Children who are used to having a constant commentary on their lives may not initially know what do without it if you stop. You might say, “Well, I try to step back but my child doesn't know how to play by himself.” If this is the case, you will have to be even more conscious of this. If your child always wants you to play with them, stop making yourself the most interesting thing in the room! There is a certain way of being present for a child that lets them know that you are there and available for them, without having to be involved. The best way to cultivate this is to find “something else” to do. This “something else” should be something that you can do in the presence of your child, that your child can help with -or imitate- if they wish, and something that you can start and stop easily if your child needs something. As you do this “something else,” you can gradually become invisible. Household chores are really good “something else”s: folding laundry, doing dishes, sweeping the floor. Instead of thinking of these things as items to be rushed through so you can do something else, try lingering over them, stopping and starting again as kids need you, but you are always drawn back to it, like a magnet. Knitting or other types of craftwork can be good for this too, and raking leaves or working in the garden are great in the yard. The trick is to be available for them if they call you; don't tell them that you're busy. But you are soon back to doing “something else,” and invisible. The more invisible you let yourself become, the deeper they can get into their own experiences.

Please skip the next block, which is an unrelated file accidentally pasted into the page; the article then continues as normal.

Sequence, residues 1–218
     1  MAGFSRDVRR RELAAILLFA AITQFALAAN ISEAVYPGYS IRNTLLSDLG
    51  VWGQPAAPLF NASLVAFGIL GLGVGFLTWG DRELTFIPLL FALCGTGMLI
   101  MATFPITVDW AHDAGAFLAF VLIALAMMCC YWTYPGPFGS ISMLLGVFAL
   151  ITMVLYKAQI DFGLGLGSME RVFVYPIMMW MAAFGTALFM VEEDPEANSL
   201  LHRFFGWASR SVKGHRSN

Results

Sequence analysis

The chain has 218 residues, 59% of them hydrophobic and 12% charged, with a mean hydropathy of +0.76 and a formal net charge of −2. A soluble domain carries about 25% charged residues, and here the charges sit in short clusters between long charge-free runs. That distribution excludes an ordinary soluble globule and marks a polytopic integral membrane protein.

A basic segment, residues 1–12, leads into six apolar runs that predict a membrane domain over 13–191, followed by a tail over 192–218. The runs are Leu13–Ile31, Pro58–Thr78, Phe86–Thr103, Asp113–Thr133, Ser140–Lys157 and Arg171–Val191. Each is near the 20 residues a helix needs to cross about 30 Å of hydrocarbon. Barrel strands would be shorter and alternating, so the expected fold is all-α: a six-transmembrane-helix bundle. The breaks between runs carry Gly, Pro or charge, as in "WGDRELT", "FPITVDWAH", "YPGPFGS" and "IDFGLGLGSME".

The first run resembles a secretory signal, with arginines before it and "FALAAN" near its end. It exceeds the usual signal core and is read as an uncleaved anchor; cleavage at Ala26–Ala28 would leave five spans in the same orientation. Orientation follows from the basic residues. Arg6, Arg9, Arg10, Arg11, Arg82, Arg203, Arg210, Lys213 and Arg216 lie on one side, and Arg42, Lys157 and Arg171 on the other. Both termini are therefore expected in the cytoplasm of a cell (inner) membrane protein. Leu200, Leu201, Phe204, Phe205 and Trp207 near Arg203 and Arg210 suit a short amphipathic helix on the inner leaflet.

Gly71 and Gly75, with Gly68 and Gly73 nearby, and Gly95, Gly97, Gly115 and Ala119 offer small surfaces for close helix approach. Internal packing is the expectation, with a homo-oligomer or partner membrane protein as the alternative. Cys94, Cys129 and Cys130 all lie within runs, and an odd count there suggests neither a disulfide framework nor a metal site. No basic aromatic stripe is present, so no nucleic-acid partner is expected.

1. Hello Miss Faith,

    I agree that children have their own inner lives. And I've defanately noticed that they benefit from us not talking at them all the time. My sister talks to her kids every moment of the day, and they never play by themselves.

  2. I think I said this already a few post ago but I am so thankful to have found your blog!! I just finished the FY of a Waldorf teacher training and now I am home with my 18 month old son and taking care of several other toddlers in my home. Your blog has responded to many of my questions and inspires such joy in working with children!

    Thanks so much for the important work you are doing and sharing your insights.

  3. Comments like this light up my whole day! I'm so glad my writing feels useful. Send my link to the families you care for, too!